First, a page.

• The trust used an automated text system to alert staff about vacant shifts that needed to be filled urgently.
  • There is a strong ethos of quality improvement and innovation within the neurosurgical department, which includes the development of the first day case intracranial tumour surgery programme within the UK, which has since been adopted by other units nationally.
  • The general intensive care unit (GICU) had introduced early mobilisation for ventilated patients and this had resulted in reducing length of stay.
  • Guidance and a training package had been developed to support the managing of patients with challenging behaviour in the critical care setting.
  • The 'Uncertainty, Safety or Stop' cultural initiative in the neuro intensive care unit (NICU) was credited with giving all staff permission to say 'I do not know how to do this, and I need help’. This had helped to improve patient safety.
  • Consultants in the cardiac intensive care unit (CICU) arranged weekend meetings for bereaved families. Families were invited back to the unit to discuss their relative’s treatment and death, in order for them to better understand the patient’s journey and the reason why they did not survive.
  • Patient profiles were obtained in the NICU to give staff insight into a patient’s likes, dislikes and interests. This enabled staff to talk with the patient about subjects that would interest them, whether they were conscious or not.
  • The paediatric day care unit included a nurse-led service where nurses had extended roles. These included prescribing medicines and discharging patients.
  • To ensure children’s voices were heard and acted upon, the day care unit had developed the 'Pants & Tops' initiative. Through this initiative, children were invited to write down on templates what had been 'tops' or 'pants' about their hospital stay. Children who were very young, and were unable to write, could still provide feedback.
  • The children and young people's service used play leaders and youth support workers as advocates for children and young people. The service had an ethos of compassionate care and peer support, and social events were actively encouraged for children and for the parents of children with cancer, and long-term or chronic diseases.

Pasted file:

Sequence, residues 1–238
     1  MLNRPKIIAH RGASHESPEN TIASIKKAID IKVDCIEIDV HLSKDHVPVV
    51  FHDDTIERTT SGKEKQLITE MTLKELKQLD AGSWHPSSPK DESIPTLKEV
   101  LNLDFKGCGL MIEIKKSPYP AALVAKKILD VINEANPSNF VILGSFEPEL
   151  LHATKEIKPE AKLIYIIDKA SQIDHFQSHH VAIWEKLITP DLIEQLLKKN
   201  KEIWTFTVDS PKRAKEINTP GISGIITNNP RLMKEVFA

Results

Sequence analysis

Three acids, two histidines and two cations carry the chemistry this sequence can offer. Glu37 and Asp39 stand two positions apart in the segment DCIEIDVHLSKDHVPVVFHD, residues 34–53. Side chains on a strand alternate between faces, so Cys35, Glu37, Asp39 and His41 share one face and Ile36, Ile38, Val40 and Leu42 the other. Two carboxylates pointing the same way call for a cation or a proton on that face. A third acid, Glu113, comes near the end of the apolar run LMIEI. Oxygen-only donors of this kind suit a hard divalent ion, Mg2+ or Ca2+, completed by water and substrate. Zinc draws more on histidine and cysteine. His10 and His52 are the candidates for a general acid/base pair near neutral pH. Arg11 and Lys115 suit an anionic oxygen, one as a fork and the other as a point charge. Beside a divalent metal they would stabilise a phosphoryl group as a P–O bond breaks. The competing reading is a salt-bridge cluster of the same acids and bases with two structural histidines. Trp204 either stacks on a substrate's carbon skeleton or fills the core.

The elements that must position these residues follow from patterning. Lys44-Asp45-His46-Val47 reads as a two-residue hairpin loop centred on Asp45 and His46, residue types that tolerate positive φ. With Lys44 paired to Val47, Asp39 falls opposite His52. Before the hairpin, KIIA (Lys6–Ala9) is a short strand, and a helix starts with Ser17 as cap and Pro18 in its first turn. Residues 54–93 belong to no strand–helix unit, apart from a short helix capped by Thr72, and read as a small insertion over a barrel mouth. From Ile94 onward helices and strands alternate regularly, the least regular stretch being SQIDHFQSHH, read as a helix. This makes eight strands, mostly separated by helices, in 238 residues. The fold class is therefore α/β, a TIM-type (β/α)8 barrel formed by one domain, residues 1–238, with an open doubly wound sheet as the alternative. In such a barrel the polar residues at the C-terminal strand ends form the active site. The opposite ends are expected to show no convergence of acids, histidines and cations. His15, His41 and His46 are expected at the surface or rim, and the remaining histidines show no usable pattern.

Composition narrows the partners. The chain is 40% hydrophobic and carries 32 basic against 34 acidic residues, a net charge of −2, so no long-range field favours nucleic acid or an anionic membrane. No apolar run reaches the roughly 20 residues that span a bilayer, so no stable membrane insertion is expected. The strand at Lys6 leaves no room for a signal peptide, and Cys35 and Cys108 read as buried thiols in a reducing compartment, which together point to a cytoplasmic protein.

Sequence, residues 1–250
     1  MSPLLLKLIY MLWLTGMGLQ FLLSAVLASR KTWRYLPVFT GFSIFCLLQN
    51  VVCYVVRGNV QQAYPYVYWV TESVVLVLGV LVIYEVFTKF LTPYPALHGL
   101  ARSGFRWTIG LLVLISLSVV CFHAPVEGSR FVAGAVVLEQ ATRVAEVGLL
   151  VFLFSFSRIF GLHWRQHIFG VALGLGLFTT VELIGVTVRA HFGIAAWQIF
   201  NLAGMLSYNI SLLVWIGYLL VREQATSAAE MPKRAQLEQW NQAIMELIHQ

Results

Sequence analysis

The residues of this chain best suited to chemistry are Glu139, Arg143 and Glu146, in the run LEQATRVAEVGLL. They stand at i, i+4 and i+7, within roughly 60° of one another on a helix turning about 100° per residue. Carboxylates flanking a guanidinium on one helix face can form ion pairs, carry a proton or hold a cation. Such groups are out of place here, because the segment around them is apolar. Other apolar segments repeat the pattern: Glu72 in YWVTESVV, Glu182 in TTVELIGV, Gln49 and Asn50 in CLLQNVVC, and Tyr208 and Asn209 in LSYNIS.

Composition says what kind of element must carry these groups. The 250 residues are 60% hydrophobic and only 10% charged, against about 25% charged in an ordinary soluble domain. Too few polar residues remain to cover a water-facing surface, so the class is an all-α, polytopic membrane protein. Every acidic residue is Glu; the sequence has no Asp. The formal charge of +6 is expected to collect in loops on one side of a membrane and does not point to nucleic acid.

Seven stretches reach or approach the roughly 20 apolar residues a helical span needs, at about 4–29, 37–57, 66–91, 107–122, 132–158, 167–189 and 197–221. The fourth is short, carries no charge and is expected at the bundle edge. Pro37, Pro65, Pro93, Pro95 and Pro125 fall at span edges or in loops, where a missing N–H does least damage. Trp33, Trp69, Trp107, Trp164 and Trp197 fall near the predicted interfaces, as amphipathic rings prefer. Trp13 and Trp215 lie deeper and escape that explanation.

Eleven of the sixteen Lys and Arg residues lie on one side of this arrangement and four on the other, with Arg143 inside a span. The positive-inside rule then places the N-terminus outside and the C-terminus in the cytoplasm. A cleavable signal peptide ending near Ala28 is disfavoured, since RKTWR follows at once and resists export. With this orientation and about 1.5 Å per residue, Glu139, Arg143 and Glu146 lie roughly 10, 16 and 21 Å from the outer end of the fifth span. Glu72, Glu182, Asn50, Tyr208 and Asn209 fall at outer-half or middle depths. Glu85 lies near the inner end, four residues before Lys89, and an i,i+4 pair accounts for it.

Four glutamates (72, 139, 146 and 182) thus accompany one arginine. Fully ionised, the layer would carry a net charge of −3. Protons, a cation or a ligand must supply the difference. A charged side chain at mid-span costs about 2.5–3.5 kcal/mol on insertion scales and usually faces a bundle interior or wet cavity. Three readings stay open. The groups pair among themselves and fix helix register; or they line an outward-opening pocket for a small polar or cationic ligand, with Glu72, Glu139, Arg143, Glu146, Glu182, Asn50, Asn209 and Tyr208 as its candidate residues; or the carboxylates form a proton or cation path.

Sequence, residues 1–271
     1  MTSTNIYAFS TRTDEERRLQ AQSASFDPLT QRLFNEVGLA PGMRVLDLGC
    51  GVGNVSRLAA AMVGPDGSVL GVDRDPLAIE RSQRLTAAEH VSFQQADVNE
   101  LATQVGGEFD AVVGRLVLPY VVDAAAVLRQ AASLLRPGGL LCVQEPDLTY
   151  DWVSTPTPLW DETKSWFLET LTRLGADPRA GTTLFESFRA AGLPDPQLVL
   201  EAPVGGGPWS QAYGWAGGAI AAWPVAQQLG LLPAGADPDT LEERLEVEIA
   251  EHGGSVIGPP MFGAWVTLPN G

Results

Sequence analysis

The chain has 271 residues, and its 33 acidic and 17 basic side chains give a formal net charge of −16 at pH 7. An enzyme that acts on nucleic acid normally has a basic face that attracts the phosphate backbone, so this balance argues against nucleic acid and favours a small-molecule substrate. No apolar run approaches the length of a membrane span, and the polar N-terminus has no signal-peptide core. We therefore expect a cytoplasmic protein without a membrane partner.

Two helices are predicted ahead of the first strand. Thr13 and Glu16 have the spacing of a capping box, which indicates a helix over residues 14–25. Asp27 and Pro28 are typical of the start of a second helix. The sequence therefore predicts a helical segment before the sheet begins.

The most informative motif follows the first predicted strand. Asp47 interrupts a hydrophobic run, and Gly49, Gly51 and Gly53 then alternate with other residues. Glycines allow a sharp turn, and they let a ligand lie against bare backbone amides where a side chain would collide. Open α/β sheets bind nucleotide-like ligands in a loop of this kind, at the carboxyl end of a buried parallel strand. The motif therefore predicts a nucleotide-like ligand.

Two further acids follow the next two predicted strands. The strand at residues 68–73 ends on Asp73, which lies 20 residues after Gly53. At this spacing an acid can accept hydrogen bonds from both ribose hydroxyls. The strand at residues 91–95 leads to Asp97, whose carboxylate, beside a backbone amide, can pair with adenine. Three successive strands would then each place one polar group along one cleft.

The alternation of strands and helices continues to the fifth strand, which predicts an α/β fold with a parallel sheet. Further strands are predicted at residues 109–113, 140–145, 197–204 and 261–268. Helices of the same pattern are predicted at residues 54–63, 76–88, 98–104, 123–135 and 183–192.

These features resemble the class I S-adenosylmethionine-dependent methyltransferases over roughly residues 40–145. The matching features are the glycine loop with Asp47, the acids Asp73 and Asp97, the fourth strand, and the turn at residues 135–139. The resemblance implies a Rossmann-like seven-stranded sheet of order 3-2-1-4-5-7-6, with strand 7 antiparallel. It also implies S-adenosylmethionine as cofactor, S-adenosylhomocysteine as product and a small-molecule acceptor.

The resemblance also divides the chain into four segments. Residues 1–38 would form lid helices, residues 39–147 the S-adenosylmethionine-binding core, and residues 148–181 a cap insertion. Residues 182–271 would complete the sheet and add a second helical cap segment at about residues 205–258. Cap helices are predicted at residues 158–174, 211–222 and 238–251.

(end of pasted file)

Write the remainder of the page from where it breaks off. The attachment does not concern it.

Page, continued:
• The trust had implemented a 'Ready, Steady, Go' initiative to support young people through the transition from children's to adult services. Young people were involved in deciding when they were transferred.
  • The chaplaincy team held a listening exercise with staff to help identify what compassionate care meant for staff working at the trust. The 10 key recommendations from this report were now being implemented across the organisation.
  • The bereavement support team were involved in the co-ordination of tissue transplantation. They explained how families could get involved, and supported families through the tissue transplant process. As a result of this service, tissue transplant donation had increased by 300% (from 20 tissue donations in 2011, to 60 donations in 2013/14).
  • The Allergy Clinic within the outpatients department, had received a World Health Organization (WHO) award for excellence.
  • Midwives who held a caseload (caseload midwives) worked in areas of greatest deprivation and with the largest number of teenage pregnancies. These midwives had smaller caseloads and provided greater continuity of care, and often followed the women into the maternity unit to deliver.
  • There was a ‘birth afterthoughts’ service, which enabled women to have a debrief with a midwife following their delivery. Themes from this service were identified and fed into the governance process. Over 400 women had accessed the service during 2014.
  • Women with hyperemesis could be cared for as day case patients and receive intravenous fluid rehydration. This meant they could remain at home and helped to prevent admission.